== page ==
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PostPosted: Tue Feb 17, 2015 2:38 am 
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There are rumours on a certain site that Max is already quicker than Kvyat on the simulator and some concerns about the speed of Kvyat and his work ethic.

They are even saying there is talk of Kvyat being replaced by Verstappen mid season if their fears become true.

I however have to say the reputation of the site has come into some criticism in the past, however it did sort of make me sit up and take notice.

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PostPosted: Tue Feb 17, 2015 9:05 am 
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sandman1347 wrote:
I am somewhat critical of the Red Bull young driver development program as I think it destroys more careers than it launches. Guys like Buemi and Alguersuari were both brought into F1 too soon and both fizzled out. Others have been grinded to dust before ever making it onto the grid. A lot of people praise the program because of Vettel's success but a lot of that was down to timing. Vettel came up as the team developed a world-beating car and I think that skews people's perception of the program. Even Vettel's time at STR was marked by the best car that the junior team ever developed.

Do you think drivers like Buemi and Alguersuari would have done any better had they been given more time? They were not untalented by any means and it probably was worth giving them a shot at STR but I couldn't ever have seen them being on a similar level as Ricciardo or Vettel, even with a few more years of development behind them.

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PostPosted: Tue Feb 17, 2015 9:16 am 
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Does anyone else think it's a BAD thing for F1 if Verstappen does well? I mean, 17 year olds performing well at the 'pinnacle of motorsport' just proves to people who are not that clued-up on the sport that these cars are now too easy to drive. Plus, what's to say he's even deserved his place in F1 at all? He had one good season in F3. Hardly superlicence material if you ask me.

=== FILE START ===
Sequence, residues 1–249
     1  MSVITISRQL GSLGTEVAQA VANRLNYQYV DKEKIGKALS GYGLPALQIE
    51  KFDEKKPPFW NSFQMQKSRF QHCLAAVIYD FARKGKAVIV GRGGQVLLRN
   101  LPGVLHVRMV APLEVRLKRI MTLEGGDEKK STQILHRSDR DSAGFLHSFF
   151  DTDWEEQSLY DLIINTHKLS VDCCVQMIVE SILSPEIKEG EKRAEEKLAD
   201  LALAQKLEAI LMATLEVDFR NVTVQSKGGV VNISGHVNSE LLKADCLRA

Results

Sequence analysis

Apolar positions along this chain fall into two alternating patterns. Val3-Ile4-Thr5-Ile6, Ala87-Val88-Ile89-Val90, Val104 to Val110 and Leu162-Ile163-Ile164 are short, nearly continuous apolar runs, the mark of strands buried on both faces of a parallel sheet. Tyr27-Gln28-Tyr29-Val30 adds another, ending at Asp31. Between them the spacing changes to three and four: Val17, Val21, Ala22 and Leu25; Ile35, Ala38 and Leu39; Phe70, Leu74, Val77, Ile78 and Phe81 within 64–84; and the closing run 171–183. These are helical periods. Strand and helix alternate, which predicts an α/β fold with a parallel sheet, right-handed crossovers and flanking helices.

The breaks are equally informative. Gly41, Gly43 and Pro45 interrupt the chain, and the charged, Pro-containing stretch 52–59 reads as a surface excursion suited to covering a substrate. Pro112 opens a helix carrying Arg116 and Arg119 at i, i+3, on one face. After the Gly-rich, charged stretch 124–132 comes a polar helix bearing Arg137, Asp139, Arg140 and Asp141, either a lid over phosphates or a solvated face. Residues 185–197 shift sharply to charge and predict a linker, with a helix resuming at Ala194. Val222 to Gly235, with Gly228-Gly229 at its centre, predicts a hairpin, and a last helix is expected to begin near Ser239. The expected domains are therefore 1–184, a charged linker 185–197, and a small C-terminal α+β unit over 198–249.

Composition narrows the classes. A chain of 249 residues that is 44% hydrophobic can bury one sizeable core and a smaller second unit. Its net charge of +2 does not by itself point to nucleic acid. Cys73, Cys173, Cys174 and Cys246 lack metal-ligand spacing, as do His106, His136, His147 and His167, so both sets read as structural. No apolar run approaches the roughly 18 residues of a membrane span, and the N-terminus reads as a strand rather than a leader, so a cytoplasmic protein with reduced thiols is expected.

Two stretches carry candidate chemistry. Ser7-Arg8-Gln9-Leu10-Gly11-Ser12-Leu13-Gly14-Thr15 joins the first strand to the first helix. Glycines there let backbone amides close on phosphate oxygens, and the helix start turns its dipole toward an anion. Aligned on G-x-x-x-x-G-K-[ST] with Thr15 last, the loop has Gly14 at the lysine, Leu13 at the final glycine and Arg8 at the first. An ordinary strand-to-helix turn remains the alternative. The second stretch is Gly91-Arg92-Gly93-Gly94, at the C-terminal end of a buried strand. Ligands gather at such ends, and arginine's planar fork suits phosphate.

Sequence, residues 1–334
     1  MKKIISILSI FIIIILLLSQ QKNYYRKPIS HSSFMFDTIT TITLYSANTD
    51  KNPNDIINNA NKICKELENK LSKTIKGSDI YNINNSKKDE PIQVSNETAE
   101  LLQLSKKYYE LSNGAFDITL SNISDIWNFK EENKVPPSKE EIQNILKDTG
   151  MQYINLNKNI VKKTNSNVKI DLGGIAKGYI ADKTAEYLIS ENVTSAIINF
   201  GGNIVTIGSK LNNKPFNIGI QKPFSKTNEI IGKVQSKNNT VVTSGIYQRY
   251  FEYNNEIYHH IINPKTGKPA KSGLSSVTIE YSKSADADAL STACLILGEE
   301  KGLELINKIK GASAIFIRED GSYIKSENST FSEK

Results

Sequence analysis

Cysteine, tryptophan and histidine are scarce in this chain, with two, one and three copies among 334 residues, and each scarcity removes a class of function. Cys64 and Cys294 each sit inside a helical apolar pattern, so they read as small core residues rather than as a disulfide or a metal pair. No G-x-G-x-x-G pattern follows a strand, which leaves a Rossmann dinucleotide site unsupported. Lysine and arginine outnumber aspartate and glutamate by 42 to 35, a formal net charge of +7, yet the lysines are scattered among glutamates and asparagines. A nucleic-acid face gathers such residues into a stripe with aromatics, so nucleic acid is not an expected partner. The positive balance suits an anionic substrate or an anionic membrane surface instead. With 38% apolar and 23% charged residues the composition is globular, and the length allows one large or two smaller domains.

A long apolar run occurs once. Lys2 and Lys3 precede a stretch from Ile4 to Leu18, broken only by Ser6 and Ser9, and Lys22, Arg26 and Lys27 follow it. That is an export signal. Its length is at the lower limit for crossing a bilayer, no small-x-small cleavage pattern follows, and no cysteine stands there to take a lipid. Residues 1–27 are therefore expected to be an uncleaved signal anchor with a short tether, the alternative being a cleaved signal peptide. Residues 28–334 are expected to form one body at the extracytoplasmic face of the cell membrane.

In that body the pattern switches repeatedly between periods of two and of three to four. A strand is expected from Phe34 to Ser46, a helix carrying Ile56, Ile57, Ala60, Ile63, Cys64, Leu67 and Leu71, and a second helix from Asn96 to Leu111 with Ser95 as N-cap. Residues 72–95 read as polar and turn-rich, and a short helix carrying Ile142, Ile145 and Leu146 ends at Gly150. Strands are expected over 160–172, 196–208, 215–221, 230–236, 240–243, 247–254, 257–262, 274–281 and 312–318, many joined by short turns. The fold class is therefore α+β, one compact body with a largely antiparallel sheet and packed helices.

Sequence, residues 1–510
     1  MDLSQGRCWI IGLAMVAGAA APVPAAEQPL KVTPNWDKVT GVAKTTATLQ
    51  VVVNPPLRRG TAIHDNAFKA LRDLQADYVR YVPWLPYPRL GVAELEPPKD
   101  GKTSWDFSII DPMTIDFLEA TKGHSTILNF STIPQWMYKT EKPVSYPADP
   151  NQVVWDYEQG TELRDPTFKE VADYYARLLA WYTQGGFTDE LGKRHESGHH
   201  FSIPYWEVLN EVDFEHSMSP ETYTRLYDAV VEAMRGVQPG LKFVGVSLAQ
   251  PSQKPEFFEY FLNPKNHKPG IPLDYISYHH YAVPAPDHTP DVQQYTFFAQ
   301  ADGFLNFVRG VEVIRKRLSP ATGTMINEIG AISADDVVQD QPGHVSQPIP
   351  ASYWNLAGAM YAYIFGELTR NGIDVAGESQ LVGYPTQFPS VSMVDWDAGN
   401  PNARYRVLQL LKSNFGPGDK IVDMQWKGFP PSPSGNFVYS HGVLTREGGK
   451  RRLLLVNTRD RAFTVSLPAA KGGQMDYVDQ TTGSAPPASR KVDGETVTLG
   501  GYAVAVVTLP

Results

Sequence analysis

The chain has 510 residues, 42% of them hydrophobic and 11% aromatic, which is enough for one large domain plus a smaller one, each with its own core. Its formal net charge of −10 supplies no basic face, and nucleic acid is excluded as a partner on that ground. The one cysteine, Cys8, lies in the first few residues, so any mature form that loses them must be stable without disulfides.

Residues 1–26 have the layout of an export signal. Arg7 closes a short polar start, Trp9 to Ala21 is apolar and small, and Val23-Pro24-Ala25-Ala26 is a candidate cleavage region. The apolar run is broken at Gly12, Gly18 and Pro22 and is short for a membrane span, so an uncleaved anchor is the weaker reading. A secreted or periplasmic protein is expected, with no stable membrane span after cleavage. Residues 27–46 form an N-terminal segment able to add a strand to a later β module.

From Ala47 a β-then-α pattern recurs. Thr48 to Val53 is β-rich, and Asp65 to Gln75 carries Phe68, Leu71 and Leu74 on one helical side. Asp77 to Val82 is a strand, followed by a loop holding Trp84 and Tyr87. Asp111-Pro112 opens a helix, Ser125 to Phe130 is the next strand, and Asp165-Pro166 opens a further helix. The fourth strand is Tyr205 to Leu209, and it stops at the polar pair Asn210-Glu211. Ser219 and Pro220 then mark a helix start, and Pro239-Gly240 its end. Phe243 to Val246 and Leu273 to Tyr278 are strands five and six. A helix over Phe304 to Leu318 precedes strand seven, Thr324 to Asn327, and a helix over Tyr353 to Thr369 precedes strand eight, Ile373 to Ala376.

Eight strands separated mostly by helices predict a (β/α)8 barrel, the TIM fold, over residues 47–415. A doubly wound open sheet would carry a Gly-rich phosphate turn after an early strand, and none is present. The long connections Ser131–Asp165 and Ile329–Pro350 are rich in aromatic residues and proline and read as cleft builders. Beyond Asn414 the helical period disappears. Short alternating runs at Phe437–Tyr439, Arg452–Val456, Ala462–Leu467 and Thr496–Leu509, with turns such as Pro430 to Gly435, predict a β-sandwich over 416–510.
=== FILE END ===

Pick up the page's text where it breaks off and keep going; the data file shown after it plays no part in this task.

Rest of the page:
I don't like where this is going. Before long, we'll have someone who'll be entering F1 at 23 and already being told he's past it. Make it 21 and over, and MAKE them do every single feeder series to prove that they're worthy of their place in F1.

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PostPosted: Tue Feb 17, 2015 9:25 am 
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MistaVega23 wrote:
Does anyone else think it's a BAD thing for F1 if Verstappen does well? I mean, 17 year olds performing well at the 'pinnacle of motorsport' just proves to people who are not that clued-up on the sport that these cars are now too easy to drive. Plus, what's to say he's even deserved his place in F1 at all? He had one good season in F3. Hardly superlicence material if you ask me.

I don't like where this is going. Before long, we'll have someone who'll be entering F1 at 23 and already being told he's past it. Make it 21 and over, and MAKE them do every single feeder series to prove that they're worthy of their place in F1.

Did Wayne Rooney scoring in the Premier League at age 16 prove football was getting too soft and easy?

(I understand this isn't a great comparison but it just shows youth isn't a be all and end all factor)

Kids start racing earlier and earlier in their lives nowadays, them reaching F1 at a younger age is just a by-product of this.

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PostPosted: Tue Feb 17, 2015 11:16 am 
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MistaVega23 wrote:
Does anyone else think it's a BAD thing for F1 if Verstappen does well? I mean, 17 year olds performing well at the 'pinnacle of motorsport' just proves to people who are not that clued-up on the sport that these cars are now too easy to drive.